The HST really is costing us more money, and at the same time padding the provincial coffers.
A government-appointed panel has found that the Harmonized Sales Tax, implemented after the last provincial election and trumpeted by then premier Gordon Campbell as ‘revenue neutral’, increases prices for 17 per cent of an average family’s purchases, totalling $350 a year.
Furthermore, it won’t lead to anywhere near as many new, better-paying jobs as promised, or a noticeable reduction in retail prices.
It’s actually raising more revenue than expected, and helping low-income families.
New premier Christy Clark has ordered a mail-in referendum on the HST in June.
In the meantime, Liberal ministers like Kevin Falcon are sitting on the phone, telling anyone willing to listen that the HST is still good for B.C., and how scary it will be if voters reject it.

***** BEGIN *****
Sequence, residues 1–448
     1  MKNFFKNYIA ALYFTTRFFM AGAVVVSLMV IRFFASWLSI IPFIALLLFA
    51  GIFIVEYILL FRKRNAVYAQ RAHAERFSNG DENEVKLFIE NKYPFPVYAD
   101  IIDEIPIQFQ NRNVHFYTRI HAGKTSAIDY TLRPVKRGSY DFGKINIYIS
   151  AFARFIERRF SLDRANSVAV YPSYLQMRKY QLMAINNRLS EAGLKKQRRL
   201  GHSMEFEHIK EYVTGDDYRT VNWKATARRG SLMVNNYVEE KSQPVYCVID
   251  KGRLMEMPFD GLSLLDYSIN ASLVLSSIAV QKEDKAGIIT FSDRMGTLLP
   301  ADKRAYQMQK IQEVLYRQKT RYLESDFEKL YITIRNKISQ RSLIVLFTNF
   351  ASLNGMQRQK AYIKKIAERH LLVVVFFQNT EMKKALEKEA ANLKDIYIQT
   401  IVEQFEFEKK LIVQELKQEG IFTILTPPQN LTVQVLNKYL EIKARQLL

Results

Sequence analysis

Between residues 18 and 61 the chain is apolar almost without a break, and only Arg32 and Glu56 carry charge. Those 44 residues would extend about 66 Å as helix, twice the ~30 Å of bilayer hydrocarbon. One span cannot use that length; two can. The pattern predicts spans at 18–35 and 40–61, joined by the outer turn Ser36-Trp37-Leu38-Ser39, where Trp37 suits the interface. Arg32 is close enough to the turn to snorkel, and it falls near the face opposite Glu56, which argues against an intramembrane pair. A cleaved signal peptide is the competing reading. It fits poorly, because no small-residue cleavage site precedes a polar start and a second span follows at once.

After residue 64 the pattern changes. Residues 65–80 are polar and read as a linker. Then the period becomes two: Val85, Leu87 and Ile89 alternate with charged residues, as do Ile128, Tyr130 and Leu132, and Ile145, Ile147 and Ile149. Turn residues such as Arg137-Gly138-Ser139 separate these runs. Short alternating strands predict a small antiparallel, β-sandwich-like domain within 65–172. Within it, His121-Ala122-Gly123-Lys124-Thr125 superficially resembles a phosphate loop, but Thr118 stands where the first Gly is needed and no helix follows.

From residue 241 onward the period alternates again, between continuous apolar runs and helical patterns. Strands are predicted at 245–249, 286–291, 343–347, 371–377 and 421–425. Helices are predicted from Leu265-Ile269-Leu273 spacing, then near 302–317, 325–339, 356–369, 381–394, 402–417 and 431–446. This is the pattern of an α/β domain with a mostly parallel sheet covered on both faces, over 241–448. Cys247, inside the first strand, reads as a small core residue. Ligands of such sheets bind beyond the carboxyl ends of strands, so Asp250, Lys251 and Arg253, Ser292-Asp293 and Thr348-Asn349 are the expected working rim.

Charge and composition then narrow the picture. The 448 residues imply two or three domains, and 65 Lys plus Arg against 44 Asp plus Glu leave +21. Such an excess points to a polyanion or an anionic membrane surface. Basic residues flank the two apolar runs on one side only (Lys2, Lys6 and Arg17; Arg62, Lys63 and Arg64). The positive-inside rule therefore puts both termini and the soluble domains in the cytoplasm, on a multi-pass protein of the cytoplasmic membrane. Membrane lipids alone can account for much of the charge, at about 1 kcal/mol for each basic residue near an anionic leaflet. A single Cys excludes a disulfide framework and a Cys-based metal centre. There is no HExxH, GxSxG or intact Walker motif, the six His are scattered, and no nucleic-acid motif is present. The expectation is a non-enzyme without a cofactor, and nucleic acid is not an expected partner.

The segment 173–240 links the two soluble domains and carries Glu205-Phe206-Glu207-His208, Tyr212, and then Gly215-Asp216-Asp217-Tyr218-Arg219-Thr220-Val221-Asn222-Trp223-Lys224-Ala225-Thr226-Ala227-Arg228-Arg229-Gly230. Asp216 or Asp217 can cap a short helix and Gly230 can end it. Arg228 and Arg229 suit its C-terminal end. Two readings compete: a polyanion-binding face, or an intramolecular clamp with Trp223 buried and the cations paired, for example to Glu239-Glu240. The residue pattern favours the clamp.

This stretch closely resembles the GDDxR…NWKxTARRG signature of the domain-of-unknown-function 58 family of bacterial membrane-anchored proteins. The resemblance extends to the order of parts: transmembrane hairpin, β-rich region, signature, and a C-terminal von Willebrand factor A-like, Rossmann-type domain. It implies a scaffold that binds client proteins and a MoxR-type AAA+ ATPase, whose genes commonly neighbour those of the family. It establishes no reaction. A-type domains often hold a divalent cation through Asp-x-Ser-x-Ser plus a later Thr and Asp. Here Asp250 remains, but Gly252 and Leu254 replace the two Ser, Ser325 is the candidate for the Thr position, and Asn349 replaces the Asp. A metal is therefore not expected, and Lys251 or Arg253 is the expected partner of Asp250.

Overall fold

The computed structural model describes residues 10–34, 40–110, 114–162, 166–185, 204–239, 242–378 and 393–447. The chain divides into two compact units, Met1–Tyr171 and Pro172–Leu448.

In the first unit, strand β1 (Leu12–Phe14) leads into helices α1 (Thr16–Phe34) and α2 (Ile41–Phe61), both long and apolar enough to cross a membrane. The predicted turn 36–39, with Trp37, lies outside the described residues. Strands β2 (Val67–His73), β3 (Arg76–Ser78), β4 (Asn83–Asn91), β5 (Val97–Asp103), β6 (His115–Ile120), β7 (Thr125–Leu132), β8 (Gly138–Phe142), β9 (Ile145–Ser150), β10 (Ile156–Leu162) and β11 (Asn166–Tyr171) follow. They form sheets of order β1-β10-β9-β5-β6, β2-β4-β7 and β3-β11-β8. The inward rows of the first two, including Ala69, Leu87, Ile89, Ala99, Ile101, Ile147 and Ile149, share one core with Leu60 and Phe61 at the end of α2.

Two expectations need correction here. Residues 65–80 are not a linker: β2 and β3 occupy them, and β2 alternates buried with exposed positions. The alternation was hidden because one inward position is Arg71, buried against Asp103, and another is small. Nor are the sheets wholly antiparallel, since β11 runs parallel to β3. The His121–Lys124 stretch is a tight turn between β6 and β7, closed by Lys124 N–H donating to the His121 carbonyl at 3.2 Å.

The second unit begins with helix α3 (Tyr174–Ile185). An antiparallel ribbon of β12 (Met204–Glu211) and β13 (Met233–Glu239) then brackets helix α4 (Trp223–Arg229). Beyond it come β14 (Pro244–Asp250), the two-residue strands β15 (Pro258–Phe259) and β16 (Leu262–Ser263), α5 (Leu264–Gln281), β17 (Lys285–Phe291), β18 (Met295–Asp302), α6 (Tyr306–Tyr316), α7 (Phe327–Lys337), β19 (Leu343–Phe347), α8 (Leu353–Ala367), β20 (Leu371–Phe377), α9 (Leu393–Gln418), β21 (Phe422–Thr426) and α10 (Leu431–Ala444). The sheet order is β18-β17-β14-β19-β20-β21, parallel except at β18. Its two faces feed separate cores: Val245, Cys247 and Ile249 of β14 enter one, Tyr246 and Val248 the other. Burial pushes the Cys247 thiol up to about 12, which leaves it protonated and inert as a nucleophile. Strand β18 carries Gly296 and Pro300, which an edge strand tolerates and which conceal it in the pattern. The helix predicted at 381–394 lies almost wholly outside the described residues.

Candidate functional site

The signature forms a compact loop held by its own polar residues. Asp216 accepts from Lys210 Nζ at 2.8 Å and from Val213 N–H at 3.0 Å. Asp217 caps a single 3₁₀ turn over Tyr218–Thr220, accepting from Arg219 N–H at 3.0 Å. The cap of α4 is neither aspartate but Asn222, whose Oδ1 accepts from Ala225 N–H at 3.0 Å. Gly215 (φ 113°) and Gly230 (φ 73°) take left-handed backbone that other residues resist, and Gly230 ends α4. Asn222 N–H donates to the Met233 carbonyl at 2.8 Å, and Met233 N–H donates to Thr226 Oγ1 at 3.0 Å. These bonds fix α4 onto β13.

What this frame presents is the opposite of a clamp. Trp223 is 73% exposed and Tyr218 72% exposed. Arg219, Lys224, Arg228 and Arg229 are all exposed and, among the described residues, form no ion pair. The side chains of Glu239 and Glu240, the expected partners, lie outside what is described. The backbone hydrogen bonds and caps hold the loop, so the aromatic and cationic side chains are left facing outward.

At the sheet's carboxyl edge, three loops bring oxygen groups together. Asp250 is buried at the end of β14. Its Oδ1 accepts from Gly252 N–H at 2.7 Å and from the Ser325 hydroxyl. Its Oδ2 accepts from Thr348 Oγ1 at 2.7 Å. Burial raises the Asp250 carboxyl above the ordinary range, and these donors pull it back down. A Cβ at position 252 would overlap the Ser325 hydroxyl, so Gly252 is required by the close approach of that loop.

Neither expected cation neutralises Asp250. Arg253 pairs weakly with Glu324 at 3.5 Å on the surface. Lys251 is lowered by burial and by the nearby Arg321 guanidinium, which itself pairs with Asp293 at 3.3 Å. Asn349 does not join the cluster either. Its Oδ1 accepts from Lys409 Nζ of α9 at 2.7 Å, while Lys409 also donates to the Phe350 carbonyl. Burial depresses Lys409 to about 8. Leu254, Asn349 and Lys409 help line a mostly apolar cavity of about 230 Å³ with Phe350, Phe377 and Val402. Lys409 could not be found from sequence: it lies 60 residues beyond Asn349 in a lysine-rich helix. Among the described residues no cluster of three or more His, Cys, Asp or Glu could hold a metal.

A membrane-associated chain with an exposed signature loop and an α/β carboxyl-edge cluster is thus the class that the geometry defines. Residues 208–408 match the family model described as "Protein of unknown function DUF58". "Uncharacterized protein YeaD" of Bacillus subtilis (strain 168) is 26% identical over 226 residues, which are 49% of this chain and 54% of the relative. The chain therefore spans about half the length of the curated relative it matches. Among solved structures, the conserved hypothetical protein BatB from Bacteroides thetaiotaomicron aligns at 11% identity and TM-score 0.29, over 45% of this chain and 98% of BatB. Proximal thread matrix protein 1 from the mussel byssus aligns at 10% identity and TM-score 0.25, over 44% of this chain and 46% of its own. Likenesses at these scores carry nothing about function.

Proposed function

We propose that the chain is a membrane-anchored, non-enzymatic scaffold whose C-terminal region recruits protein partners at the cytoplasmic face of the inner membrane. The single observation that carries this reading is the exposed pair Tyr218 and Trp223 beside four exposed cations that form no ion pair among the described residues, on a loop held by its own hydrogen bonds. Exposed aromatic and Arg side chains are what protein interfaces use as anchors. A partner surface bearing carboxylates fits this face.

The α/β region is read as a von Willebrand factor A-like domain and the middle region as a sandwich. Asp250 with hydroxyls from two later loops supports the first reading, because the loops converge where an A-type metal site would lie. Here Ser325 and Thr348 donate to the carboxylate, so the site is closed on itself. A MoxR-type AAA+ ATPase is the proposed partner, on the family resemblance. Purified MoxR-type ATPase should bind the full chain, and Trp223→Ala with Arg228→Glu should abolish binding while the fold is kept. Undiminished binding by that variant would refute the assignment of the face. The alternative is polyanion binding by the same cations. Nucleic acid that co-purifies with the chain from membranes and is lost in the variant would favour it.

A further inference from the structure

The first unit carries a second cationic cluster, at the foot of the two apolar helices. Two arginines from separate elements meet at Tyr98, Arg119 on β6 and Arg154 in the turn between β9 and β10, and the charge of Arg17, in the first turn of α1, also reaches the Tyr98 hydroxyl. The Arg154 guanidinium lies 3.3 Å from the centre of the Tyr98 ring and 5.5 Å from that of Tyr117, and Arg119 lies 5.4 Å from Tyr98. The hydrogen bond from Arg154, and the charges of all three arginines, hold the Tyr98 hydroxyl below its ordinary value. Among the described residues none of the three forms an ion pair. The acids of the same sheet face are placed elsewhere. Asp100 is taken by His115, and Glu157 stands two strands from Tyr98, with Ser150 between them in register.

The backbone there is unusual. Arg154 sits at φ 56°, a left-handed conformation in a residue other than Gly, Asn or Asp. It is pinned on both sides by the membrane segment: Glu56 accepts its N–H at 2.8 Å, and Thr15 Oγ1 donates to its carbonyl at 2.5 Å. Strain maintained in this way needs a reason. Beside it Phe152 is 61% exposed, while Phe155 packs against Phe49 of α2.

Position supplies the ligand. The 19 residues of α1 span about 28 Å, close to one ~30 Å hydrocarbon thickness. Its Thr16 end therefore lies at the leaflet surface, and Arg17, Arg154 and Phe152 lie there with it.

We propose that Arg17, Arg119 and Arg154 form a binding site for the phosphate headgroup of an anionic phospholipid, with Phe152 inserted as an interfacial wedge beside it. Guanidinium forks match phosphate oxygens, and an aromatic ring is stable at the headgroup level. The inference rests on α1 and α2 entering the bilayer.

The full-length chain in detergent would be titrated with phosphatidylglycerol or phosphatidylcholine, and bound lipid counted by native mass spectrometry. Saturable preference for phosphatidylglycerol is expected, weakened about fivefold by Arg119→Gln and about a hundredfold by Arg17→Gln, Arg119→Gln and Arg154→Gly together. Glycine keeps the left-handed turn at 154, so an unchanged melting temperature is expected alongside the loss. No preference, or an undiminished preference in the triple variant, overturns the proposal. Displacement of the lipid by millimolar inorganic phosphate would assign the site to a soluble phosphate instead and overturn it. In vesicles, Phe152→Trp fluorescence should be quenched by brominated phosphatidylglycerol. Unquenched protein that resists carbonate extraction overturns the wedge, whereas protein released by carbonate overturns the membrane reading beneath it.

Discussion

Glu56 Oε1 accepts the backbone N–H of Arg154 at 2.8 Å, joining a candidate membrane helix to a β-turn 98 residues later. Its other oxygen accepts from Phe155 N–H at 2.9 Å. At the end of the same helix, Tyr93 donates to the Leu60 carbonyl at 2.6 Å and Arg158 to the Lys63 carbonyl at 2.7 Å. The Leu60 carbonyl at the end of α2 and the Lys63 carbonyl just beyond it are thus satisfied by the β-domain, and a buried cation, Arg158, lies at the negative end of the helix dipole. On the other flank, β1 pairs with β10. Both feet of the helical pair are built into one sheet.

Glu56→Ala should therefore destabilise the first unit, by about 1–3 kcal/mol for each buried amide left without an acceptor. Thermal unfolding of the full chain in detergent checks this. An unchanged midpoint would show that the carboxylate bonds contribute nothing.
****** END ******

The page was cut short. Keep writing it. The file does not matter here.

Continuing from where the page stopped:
The really scary thing is, they’re right.
Dumping the HST and returning to separate provincial and federal sales taxes, the panel warned, would cost the government more than half a billion dollars in the first year alone.
And the province would have to pay back the $1.6 billion transition fund paid in installments by the federal government to B.C.
The panel study findings have undermined the provincial government before the referendum, rekindling sour feelings about the way the tax was introduced and suspicion of lies, dimming the glow from the new party leader. So much that Ms. Clark is now promising proposed changes to the HST before people vote in the referendum.
Reducing the rate could be one, but even knocking off one per cent would eliminate $800,000 million in revenue when there is already a budget deficit.
Unfortunately, the HST is likely here to stay.
The same can’t be said about the Liberal government.
– The News